As noted already the book is rather short, however if you want to enjoy the content in other ways besides the traditional format you have many options. First is a graphic novel of the book that was published by Marvel Comics in the 1990’s (but it is out of print). There have been several audio book versions released, including one by John Cleese. Less than ten years ago an audio drama adaptation was made by Focus on the Family Radio Theatre. It features the vice of Andy Serkis who is famous for his role as Gollum in The Lord of the Rings movies. There is even a live stage adaptation of The Screwtape Letters. The production is led by Max McLean and is currently on a national tour.

Providing a complete summary of The Screwtape Letters would be a difficult task in this short essay. That said, I do want to share some of my most enjoyed quotes from the book. Before doing this, however, I want to stress the importance of reading (or re-reading) the book itself. Some of the best material is either too lengthy to quote, or the ideas are revisited across several letters. Someday I’ll finish an index I once started looking at the topic addressed and where you find them throughout the book.


“It is funny how mortals always picture us as putting things into their minds: in reality our best work is done by keeping things out.” (Letter 4)

“The great thing is to direct the malice to his immediate neighbours whom he meets every day and to thrust his benevolence out to the remote circumference, to people he does not know.” (Letter 6)

“Do not be deceived, Wormwood. Our cause is never more in danger than when a human, no longer desiring, but still intending, to do our Enemy’s will, looks round upon a universe from which every trace of Him seems to have vanished, and asks why he has been forsaken, and still obeys.” (Letter 8)

“He may say on his arrival down here, ‘I now see that I spent most of my life in doing neither what I ought nor what I liked.'” (Letters 12)

“The man who truly and disinterestedly enjoys any one thing in the world, for its own sake, and without caring two pence what other people say about it, is by that very fact fore-armed against some of our subtlest modes of attack. You should always try to make the patient abandon the people or food or books he really likes in favour of the ‘best’ people, the ‘right’ food, the ‘important’ books.”  (Letter 13)

“In the long run either Our Father or the Enemy will say ‘Mine’ of each thing that exists, and specially of each man.” (Letter 21)

William O’Flaherty started creating a variety of resources on C.S. Lewis just a few years ago and long ago brought them together in one place at For more details about The Screwtape Letters visit his blog that contains a special podcast of a talk he did on an introduction to the book. Also, last year he released a “new” address by Screwtape himself at a special Demon-Chapel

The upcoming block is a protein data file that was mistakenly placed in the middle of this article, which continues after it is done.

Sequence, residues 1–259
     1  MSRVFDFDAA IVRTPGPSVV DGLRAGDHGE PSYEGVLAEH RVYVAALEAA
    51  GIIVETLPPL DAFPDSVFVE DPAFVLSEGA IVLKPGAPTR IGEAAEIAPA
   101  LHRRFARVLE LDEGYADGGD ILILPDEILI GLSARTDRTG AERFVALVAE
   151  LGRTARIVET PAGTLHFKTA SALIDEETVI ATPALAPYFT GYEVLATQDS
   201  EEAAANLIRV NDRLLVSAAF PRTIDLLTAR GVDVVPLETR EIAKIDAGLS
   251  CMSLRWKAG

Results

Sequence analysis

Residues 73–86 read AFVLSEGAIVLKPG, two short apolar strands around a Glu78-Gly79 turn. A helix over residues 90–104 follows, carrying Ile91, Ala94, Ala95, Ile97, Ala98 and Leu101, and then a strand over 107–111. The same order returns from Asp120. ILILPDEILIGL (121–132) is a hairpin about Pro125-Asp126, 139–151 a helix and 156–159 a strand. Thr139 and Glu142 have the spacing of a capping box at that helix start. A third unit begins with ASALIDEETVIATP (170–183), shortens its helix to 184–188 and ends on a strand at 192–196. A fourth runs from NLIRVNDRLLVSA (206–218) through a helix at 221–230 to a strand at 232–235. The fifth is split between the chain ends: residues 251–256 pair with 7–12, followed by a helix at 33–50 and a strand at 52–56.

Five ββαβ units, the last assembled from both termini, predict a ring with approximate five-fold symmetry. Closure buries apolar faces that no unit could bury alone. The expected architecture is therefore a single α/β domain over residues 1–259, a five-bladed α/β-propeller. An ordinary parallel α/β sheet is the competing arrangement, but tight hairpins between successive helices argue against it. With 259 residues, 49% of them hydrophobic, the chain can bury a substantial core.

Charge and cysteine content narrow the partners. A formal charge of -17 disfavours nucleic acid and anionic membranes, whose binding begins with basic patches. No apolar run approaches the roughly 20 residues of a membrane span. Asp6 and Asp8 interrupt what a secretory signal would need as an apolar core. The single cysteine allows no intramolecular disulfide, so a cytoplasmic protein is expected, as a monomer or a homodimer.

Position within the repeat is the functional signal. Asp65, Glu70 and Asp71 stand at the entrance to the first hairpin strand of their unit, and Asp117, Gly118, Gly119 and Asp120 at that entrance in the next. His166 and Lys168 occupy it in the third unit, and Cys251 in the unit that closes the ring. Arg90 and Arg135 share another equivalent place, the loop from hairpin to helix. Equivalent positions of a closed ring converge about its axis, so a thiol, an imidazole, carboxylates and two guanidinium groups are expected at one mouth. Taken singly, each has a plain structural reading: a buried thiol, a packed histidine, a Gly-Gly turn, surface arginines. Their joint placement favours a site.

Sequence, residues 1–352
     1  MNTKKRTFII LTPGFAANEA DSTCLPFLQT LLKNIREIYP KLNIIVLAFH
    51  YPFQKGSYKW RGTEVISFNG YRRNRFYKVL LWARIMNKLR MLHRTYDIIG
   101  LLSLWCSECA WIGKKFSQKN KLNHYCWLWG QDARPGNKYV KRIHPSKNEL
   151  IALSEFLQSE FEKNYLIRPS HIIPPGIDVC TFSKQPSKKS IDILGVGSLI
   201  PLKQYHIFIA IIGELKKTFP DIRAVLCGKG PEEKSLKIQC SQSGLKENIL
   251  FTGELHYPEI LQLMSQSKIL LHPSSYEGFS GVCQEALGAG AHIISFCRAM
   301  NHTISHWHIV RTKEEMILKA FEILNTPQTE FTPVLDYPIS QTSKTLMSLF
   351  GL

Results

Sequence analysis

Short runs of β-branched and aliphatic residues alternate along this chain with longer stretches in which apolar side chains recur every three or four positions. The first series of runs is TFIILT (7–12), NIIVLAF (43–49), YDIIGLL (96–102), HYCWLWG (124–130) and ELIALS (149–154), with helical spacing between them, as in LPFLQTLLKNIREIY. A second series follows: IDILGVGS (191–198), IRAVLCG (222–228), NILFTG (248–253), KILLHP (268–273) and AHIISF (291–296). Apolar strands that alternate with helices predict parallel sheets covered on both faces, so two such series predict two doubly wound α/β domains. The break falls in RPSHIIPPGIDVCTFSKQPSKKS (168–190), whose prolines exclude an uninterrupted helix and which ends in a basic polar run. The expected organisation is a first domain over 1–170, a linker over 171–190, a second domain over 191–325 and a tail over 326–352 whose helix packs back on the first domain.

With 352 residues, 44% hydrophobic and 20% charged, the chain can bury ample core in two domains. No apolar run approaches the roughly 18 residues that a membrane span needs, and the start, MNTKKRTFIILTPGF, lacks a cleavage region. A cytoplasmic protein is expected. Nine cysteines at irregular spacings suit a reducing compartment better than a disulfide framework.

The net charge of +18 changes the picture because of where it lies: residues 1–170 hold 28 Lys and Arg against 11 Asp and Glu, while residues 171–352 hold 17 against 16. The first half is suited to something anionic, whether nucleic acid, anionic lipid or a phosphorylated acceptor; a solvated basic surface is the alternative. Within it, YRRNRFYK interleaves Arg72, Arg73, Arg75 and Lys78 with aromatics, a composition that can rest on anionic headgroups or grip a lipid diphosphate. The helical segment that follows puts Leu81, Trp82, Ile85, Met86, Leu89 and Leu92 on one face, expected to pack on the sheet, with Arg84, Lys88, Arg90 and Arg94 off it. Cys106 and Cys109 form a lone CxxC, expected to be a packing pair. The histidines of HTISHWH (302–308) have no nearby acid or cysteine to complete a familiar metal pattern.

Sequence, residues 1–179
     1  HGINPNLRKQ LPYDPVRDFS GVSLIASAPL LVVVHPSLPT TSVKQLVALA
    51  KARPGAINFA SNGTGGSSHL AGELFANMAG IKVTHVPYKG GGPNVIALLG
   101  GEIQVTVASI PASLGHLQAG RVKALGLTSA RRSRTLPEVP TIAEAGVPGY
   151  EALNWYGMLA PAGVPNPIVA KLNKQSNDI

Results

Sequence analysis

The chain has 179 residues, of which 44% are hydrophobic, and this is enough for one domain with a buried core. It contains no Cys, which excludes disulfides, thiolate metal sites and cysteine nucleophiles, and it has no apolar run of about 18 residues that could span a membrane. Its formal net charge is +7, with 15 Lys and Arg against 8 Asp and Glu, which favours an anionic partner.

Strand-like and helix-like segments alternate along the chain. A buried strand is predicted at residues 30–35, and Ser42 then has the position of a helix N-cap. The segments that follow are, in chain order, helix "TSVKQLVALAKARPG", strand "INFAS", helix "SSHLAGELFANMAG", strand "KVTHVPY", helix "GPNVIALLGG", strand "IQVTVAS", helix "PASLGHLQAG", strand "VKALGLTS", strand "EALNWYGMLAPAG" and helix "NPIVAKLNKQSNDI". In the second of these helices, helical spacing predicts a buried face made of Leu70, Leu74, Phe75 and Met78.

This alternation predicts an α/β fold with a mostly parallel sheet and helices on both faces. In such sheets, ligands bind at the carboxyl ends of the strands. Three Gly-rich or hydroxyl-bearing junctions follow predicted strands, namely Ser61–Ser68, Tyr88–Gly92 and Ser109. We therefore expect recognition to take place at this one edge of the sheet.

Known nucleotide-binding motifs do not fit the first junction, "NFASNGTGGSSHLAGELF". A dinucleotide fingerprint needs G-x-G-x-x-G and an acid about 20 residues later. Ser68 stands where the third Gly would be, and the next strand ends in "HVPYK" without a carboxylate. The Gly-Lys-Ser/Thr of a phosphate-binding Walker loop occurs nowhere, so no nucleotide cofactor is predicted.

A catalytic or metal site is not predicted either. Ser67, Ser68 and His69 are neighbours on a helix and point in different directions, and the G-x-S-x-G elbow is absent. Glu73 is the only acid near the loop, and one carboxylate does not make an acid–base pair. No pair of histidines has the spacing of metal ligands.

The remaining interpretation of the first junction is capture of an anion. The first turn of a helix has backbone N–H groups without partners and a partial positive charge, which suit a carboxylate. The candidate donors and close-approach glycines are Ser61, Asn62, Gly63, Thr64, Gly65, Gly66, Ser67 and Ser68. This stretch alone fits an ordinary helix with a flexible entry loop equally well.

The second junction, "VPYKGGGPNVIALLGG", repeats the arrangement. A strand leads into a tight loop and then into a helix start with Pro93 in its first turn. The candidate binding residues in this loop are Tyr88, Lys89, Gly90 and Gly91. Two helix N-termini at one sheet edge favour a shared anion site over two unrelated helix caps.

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Image courtesy of Jef Murray 

Crystal’s Talk Featured on the All About Jack Podcast

Happy Valentine’s Day!

Today, Crystal’s talk on Lewis as Transformational Leader (given at Taylor University last summer) is the featured talk on the All About Jack podcast. Go check it out!!  (Bottom Left Corner)

Please make sure to bookmark the informative  Enjoy many facets of William’s site, including Jack in Retrospect (important events in the life of C.S. Lewis this week), Quote of the Day, the C.S. Lewis Quiz, C.S. Lewis Facts, and C.S. Lewis Minute.  Also, share the love and “like” EssentialCSLewis on Facebook –!/EssentialCSLewis

“Love is a Doing Word”: What Grief is Teaching Me

The song “Teardrop” by Massive Attack begins with these two lines:

“Love, love is a verb

Love is a doing word”

You may recognize this tune as the theme song for the medical drama “House.” Unfortunately, the show only uses the instrumental portion of the song, but the lyrics, in my opinion, are as good as the music.

And it was this song which was repeating through my head last week, as I received the call that my grandmother had passed away.  I, along with my husband and parents, sat with her for just a few moments before other family and clergy arrived. Free of pain at long last, she laid there no longer plagued by her struggling mind, her withering body. The noisy oxygen machine had been silenced and removed.  Her roommate had been taken out for the morning.  The sun invaded the right side of her bed from the nearby window.  Out of sheer habit, I kept waiting for her chest to rise.  I swallowed my panic when it didn’t. As I sat there and the minutes swiftly rolled past me, I had a feeling that this moment, one filled with utter sadness and solemnity, would be remembered as a sacred one.  A body with the spirit newly liberated.  That was all she was now.  I was beginning to realize that I didn’t recognize her, not as I had known her my whole life.  There was no smile on her face, her hands were inert.  The glow was absent.

She isn’t here anymore. She left.  She’s gone.